Currently, GST will be charged on the ‘transaction value’. Transaction value is the price actually paid (or payable) for the supply of goods/services between un-related parties (i.e., price is the sole consideration)
The value of supply under GST shall include:
- Any taxes, duties, cess, fees, and charges levied under any act, except GST. GST Compensation Cess will be excluded if charged separately by the supplier.
- Any amount that the supplier is liable to pay which has been incurred by the recipient and is not included in the price.
- The value will include all incidental expenses in relation to sale such as packing, commission etc.
- Subsidies linked to supply, except Government subsidies will be included.
- Interest/late fee/penalty for delayed payment of consideration will be included.
Let us consider an example of ABC, a manufacturer, selling tools and hardware like drills, polishers, spades etc. It sells a power drill to XYZ a wholesaler. The MRP is Rs. 5,500 but ABC sells it for Rs. 3,000.
Currently, the invoice will look like-
|Add: Excise @ 12.5%||375|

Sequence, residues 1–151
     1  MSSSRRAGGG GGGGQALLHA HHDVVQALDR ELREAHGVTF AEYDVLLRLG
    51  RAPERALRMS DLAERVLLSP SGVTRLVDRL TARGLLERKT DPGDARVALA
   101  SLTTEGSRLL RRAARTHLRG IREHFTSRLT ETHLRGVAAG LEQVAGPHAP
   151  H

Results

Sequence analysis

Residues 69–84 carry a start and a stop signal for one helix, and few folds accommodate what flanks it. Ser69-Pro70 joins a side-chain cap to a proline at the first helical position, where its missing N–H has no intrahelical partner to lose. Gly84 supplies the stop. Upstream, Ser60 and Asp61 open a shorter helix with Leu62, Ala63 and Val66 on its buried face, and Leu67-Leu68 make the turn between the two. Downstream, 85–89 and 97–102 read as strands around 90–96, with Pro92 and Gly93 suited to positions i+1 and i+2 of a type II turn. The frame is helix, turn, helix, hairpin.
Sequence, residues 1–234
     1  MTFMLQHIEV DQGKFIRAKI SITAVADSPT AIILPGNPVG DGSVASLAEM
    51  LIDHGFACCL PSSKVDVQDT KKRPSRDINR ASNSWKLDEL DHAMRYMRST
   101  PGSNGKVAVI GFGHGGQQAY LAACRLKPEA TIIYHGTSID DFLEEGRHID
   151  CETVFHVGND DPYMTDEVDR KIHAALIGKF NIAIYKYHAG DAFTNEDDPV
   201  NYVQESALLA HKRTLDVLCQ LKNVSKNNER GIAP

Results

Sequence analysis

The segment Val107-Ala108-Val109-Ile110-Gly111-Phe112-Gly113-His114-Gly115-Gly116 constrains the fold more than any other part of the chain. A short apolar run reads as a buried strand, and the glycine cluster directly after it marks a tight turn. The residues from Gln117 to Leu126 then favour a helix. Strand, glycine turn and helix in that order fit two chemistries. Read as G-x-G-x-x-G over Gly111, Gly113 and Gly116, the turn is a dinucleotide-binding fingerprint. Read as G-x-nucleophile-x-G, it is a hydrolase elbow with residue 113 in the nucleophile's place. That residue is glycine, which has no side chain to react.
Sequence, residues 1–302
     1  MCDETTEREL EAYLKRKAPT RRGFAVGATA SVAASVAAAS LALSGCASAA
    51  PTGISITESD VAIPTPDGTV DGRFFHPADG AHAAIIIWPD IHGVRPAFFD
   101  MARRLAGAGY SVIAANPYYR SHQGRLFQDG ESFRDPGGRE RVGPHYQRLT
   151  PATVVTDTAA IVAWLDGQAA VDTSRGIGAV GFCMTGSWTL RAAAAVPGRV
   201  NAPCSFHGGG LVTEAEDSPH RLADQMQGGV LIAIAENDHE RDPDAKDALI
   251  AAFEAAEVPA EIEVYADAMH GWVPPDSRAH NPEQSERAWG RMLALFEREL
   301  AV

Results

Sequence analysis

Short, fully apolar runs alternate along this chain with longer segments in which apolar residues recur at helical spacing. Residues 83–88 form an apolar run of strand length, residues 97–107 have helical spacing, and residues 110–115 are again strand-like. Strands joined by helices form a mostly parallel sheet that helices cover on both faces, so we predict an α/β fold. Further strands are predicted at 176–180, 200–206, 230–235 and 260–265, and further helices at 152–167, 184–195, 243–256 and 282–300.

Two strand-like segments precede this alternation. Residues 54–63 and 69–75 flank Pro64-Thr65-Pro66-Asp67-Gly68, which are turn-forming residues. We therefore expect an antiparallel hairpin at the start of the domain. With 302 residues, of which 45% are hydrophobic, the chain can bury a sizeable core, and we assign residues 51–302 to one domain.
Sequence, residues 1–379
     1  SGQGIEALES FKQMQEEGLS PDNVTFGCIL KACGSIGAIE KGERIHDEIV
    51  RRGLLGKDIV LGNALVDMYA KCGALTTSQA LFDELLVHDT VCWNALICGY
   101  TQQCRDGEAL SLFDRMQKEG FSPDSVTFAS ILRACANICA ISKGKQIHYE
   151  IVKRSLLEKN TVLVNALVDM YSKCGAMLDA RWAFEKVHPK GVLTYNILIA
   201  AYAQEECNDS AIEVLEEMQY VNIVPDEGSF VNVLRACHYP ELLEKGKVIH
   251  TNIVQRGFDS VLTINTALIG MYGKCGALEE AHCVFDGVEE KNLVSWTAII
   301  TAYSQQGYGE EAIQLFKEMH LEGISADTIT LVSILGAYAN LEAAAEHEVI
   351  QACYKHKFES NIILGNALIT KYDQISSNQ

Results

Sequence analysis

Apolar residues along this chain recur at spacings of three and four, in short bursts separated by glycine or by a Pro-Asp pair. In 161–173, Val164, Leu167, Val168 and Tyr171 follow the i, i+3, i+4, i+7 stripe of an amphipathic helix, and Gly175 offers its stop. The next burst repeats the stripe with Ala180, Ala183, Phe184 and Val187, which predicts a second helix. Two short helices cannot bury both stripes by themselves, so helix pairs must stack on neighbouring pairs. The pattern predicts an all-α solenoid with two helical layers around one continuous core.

|Add: VAT @14.5% (on subtotal)||490|
Value of supply under GST
The value of goods &/or services supplied is the transaction value, i.e. the price paid/payable, which is Rs 3,000 in the example. Assuming CGST=9% and SGST= 9%
|Add: CGST @9%||270|
|Add: SGST @9%||270|
Discounts will be treated differently under GST.Discounts given before or at the time of supply will be allowed as a deduction from transaction value. Discounts given after supply will be allowed only if certain conditions are satisfied.
Valuation of supply when a transaction is not in INR.
When exports are made the invoice may be raised by the taxpayer in Foreign Currency. The IGST (if any) charged in the invoice will be converted using RBI Exchange Rate. The exchange rates are available on the RBI Website.
RBI exchange rates are to be used in case of imports too. When reverse charge is applicable on imported supplies the invoice amount has to be converted using the RBI Exchange Rate.
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